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IRIS 2013-5:1/30

United Kingdom

Media Convergence and Broadcasting Impartiality

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Oliver O’Callaghan

The Centre for Law Justice and Journalism, City University, London

The House of Lords Communications Committee released its report on Media Convergence on 19 March 2013. The report focused on the increasing convergence of different media including television and broadcasting, and the traditional print media, in large part due to technological advances, particularly the Internet. The report highlighted the fact that the lines that had previously delineated these areas, to some extent, are becoming increasingly blurred. Newspapers through video content, and broadcasters through written, are using the Internet to encroach upon the traditional territories of each other. The Committee noted that this evolution is creating a plethora of new challenges and opportunities for content creators, audiences and regulators.

The Committee, in the report, touches on a number of different issues and makes several important recommendations, but perhaps the most notable is the observation that at some point in the future it may be necessary to reassess or abandon the requirements of impartiality currently incumbent upon all news broadcasters in the United Kingdom. It has been a requirement since the advent of broadcasting in this jurisdiction that news content is delivered in a way that is impartial and accurate; this is currently enshrined in both the Ofcom (The Office of Communications) Broadcasting Code and, separately for the State broadcaster, the BBC Charter and Agreement. This requirement is in stark contrast to that relating to the print media who are allowed, and in fact expected, to take a critical, partisan and provocative approach to matters of politics and public interest.

In the past, and as things stand at the moment, the mixture of approaches works to provide consumers with news sources originating from differing motivational standpoints. Equally, and crucially, the Committee noted that media audiences are still able quite easily to discern the difference in content production standards between the impartial and the partisan. However, it may be the case in future that the blurring of boundaries between news sources, caused by media convergence, may change the way news consumers approach sources of content. In this light, a change to the impartiality requirement may be appropriate for non-public service broadcasters. To this effect the report states at paragraph 114:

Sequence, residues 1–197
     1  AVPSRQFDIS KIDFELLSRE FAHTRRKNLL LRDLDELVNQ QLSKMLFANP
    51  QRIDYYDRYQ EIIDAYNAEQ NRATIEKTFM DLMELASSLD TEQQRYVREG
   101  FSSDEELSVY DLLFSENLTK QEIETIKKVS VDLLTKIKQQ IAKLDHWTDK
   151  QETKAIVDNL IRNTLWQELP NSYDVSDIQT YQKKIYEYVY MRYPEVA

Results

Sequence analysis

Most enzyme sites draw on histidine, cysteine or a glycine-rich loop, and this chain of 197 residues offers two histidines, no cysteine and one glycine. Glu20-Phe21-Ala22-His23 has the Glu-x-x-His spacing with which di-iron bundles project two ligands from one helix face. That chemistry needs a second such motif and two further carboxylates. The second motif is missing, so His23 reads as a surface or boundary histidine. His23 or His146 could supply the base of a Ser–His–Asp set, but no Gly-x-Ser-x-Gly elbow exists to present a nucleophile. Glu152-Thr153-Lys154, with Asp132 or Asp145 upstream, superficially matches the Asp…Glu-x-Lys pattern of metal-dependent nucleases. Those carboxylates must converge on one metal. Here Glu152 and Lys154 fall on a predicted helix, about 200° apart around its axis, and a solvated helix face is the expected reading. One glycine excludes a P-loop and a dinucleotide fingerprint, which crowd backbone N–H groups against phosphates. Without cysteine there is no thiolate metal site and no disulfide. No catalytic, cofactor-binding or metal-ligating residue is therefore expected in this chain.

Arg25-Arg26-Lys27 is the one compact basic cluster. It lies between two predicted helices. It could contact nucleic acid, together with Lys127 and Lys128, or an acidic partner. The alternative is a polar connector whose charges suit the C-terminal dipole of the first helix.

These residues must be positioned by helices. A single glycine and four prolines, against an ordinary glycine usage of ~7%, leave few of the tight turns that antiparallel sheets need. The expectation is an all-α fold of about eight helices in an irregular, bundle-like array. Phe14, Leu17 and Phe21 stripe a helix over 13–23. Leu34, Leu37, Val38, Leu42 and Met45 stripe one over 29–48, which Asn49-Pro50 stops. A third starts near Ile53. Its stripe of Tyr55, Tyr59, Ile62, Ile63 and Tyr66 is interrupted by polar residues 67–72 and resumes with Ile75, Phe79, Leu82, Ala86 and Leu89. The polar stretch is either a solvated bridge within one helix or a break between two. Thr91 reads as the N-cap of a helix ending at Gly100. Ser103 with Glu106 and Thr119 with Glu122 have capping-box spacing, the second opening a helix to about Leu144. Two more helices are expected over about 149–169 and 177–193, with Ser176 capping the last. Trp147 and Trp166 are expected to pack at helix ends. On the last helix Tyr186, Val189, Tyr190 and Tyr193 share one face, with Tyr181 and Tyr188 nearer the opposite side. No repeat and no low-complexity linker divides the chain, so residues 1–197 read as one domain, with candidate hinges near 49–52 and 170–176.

“In future, we think that non-PSB broadcast news and current affairs should be treated in the same way as non-broadcast news and current affairs as far as impartiality is concerned.”

The report goes on to suggest the possibility of an alternative mechanism of voluntary compliance with the Broadcasting Code. This change would not be without controversy and would have a profound effect on the role and duties of non-public service broadcasting in the UK.

References
House of Lords Communications Committee Report on Media Convergence EN
 http://merlin.obs.coe.int/redirect.php?id=16420